Lebanese President Michel Aoun yesterday vowed to use all diplomatic means to counter Israel's claims of ownership of an offshore oil and gas field known as Block 9.
The Lebanese president stressed Lebanon's right to "defend its sovereignty and territorial integrity by all means available" and called to "pay attention to what the Israeli enemy is waging against Lebanon, especially since there are those who work at home and abroad to create climates that are consistent with the Israeli threats to attack Lebanon and its right to invest in its oil and gas resources."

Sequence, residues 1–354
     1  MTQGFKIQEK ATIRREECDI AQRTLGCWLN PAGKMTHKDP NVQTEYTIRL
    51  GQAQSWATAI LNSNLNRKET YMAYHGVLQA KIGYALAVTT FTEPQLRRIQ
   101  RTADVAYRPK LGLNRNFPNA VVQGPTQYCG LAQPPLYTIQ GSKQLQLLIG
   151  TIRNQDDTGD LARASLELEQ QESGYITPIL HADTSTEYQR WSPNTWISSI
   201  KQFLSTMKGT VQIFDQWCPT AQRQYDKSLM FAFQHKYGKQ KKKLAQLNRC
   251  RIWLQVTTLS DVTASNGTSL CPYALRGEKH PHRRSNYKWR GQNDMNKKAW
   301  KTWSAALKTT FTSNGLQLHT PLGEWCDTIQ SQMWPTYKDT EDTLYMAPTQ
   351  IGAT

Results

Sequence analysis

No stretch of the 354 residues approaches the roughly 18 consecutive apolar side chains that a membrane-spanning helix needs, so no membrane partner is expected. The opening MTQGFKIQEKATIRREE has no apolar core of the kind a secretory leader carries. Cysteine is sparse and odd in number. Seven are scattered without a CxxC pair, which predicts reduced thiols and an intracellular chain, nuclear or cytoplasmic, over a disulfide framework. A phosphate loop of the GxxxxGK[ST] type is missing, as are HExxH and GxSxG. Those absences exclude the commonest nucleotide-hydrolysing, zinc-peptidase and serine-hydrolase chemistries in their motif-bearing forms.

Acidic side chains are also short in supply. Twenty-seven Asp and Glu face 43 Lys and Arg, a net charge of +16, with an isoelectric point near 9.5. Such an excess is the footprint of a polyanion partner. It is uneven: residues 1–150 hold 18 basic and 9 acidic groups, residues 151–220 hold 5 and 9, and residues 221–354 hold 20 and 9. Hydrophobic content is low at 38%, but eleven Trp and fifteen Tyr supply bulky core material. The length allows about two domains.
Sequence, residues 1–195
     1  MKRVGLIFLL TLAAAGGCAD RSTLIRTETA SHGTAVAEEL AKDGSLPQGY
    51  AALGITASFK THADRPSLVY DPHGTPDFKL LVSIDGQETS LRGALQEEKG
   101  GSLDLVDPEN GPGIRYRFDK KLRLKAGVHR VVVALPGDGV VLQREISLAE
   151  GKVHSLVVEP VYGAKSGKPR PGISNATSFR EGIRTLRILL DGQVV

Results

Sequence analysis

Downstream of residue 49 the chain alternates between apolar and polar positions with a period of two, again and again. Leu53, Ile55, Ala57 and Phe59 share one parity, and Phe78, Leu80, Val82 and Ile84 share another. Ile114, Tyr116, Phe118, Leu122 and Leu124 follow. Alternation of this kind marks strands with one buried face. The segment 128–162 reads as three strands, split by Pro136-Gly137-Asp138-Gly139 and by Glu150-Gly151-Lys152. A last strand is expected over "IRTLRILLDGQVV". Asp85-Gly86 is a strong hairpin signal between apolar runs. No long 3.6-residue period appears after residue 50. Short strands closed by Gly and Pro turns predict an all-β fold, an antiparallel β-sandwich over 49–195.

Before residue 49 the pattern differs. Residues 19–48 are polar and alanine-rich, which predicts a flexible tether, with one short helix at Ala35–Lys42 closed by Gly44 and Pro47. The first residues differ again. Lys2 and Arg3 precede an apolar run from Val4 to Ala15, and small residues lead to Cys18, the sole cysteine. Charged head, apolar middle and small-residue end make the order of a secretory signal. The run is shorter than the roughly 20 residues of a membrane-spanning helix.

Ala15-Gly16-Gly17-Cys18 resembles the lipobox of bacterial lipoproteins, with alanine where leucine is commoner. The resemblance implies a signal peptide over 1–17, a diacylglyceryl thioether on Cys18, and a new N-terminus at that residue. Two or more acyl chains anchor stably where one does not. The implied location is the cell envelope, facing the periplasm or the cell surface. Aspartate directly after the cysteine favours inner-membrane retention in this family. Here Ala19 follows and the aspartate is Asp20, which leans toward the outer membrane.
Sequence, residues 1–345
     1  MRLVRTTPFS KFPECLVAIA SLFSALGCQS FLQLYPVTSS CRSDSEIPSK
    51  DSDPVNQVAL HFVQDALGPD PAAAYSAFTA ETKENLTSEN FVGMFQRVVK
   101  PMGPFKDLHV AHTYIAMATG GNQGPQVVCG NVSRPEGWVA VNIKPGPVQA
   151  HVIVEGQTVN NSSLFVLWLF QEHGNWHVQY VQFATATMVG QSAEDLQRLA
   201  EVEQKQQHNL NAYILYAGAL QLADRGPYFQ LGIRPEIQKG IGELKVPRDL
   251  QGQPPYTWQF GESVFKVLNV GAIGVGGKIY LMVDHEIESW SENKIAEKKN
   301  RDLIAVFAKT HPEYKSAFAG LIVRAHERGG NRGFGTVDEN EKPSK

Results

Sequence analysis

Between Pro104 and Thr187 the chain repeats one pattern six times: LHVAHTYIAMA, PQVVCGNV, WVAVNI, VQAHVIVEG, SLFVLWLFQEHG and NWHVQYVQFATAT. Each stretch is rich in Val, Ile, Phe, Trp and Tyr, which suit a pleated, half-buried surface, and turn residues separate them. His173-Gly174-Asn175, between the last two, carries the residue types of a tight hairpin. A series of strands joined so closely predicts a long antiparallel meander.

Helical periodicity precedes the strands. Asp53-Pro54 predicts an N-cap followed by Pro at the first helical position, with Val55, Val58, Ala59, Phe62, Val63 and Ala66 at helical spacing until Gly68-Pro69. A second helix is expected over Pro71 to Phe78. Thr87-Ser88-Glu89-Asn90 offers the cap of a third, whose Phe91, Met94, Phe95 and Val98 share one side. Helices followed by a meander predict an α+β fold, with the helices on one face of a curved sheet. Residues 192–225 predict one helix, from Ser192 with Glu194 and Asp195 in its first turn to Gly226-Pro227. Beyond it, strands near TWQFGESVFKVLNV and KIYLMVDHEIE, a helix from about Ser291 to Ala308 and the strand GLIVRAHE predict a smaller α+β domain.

On Wednesday, Lebanon issued an offshore oil and gas exploration tender in Block 9 which borders Israeli waters. In response, Israeli Defence Minister Avigdor Lieberman said: "When they issue a tender on a gas field, including Block 9, which by any standard is ours … this is very, very challenging and provocative conduct here."
Aoun warned in a statement of "the seriousness of statements issued by Israeli Defence Minister Avigdor Lieberman on Block 9."
In December, the Lebanese government gave licenses to an international consortium led by France's Total, Italy's ENI and Russia's Novatek to move forward with offshore oil and gas development for two of five blocks in the Mediterranean Sea, including Block 9.
Lebanon, Cyprus, Israel and Egypt are located above the Levant Basin in the eastern Mediterranean where a number of sub-Sea gas fields were discovered in 2009.